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Energy Quarterly: News and analysis on materials solutions to energy challenges

Published online by Cambridge University Press:  16 September 2011


Copyright © Materials Research Society 2011

Opening the grid across continents

The regional initiative in this issue on Desertec addresses plentiful solar energy from the Middle East and North Africa (MENA) for distribution in Europe. The concept of transmitting electrical power from one part of Europe to another is not new. Europe’s grid allows countries like Denmark to boast about its relatively large fraction of electricity provided by wind, without the cost of in-house storage. When Sweden is lacking wind or hydroelectric capacity, excess generation capacity elsewhere can supply what is missing. However, Europe aims higher, and Desertec is a centerpiece of its plans to dramatically increase renewable sources in its energy supply mix.

Although Desertec will stretch over only 15% of the Northern Hemisphere’s latitudes, it will be a first step toward Buckminster Fuller’s dream of a worldwide electricity grid to allow uninterrupted solar and wind electrical power generation, with the grid serving in lieu of storage.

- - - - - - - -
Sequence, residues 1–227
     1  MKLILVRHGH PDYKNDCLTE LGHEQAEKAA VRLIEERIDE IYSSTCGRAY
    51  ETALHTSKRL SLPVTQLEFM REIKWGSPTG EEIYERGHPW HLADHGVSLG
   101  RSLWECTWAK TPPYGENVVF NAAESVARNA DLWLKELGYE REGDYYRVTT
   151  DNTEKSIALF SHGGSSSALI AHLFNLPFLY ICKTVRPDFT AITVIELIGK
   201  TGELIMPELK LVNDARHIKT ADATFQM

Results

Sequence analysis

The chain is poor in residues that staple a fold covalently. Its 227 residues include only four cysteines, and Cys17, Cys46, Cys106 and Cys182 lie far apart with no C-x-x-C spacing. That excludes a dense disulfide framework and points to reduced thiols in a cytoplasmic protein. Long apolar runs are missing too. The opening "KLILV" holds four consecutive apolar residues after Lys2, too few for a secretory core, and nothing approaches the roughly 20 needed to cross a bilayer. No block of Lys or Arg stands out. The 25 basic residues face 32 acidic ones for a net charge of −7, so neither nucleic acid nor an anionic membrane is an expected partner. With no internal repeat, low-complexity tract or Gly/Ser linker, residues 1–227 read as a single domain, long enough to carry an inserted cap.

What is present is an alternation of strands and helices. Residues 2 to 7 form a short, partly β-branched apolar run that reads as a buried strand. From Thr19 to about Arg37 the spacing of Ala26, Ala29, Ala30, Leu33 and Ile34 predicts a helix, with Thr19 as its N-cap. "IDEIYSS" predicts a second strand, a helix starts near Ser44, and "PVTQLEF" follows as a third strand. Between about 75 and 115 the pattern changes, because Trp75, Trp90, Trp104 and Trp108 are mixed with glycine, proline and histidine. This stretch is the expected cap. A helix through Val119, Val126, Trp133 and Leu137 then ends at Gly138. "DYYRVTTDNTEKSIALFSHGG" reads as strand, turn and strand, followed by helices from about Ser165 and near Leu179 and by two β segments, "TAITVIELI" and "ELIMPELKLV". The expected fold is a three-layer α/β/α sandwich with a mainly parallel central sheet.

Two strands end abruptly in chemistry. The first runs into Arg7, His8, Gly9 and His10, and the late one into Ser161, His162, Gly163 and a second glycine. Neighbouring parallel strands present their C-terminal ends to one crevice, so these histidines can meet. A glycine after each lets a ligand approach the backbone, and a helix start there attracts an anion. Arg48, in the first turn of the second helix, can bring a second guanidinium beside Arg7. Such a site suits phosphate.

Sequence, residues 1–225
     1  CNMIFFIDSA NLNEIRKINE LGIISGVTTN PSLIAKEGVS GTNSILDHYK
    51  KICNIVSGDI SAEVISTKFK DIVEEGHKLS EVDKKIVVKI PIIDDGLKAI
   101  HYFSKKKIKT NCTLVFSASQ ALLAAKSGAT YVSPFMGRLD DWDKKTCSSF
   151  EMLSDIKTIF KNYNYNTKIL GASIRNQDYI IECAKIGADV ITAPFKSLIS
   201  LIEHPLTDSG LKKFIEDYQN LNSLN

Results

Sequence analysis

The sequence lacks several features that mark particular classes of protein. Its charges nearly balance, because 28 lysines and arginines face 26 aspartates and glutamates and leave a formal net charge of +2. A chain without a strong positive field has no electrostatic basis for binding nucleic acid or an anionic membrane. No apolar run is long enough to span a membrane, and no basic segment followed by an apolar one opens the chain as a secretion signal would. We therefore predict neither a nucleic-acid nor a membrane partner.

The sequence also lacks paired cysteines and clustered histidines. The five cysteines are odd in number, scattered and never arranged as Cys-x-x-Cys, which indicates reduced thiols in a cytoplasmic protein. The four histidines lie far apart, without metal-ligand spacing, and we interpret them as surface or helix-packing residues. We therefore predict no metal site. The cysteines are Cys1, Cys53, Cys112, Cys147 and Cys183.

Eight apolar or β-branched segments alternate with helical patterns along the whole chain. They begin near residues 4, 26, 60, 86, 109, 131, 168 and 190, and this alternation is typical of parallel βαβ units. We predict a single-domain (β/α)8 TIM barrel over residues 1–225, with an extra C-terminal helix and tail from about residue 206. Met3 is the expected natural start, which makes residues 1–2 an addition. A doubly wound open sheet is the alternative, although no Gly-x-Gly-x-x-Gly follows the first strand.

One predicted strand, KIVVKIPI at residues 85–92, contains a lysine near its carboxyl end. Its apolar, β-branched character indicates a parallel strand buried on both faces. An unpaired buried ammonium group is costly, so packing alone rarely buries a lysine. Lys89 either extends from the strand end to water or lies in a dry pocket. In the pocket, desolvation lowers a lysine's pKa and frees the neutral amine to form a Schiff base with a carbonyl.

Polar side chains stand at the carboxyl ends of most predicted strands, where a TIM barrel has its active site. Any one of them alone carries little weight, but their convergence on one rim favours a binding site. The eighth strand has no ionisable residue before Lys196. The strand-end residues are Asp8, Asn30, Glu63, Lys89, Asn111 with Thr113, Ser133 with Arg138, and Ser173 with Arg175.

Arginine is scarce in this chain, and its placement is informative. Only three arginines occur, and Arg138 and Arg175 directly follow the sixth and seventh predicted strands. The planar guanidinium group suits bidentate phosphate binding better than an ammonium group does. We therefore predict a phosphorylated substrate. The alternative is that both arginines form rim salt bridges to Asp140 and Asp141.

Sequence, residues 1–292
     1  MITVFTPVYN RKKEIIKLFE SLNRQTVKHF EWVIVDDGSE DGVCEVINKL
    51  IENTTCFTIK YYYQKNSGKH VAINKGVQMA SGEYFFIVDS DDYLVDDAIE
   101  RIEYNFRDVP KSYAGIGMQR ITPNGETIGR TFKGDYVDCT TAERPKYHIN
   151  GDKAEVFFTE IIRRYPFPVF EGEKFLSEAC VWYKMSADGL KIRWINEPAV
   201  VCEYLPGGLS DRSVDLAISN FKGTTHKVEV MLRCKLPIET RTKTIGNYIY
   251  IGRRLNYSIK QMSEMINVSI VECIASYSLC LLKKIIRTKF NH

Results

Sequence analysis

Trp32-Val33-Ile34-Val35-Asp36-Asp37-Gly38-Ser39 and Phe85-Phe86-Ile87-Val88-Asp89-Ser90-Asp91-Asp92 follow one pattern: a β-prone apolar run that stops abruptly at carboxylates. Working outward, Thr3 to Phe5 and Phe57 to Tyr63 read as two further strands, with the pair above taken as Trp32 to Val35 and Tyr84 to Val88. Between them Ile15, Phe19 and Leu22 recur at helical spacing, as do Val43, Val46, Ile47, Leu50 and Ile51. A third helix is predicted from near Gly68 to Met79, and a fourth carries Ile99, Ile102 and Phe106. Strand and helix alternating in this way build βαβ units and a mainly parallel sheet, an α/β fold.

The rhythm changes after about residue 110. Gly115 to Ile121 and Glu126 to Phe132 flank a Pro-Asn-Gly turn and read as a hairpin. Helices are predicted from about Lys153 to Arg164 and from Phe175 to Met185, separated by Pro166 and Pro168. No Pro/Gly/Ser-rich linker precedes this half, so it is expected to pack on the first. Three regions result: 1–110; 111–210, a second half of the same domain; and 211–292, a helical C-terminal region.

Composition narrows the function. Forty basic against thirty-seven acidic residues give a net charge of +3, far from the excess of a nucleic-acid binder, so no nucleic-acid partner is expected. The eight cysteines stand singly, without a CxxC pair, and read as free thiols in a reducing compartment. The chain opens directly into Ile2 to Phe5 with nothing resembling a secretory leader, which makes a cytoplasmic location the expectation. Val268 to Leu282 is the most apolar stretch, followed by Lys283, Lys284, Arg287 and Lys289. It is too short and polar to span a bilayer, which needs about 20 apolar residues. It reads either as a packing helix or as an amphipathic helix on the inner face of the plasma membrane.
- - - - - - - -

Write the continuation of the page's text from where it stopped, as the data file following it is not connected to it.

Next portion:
The Desertec initiative is both more ambitious and more complicated than similar projects. The reason is politics and political instability, especially in light of the recent developments in the MENA region. The existing European grid succeeded in an environment of political stability after the second World War.

Can Desertec succeed in the political climate surrounding it? While there is no question that countries like Morocco and Egypt have very serious interest in the program, involving the latter may well imply undersea connections with materials and other challenges, unless neighboring countries participate. Morocco, already connected through Spain, is presently in a better situation.

Still, looking at Europe’s grid today shows how fast the interconnects can grow once the conditions are there. This should provide, in the face of any pessimism, further impetus to push the project forward. Indeed, it is possible that the materials and other research developments needed to make Desertec possible (e.g., self-cleaning panels, increased thermal storage, tamper-proof systems, safe and sealed cables with appropriate sensor systems) may find first use elsewhere or in a very small part of the proposed Desertec area. When these developments are in place and tested, and politics are right, the plan can be quickly realized.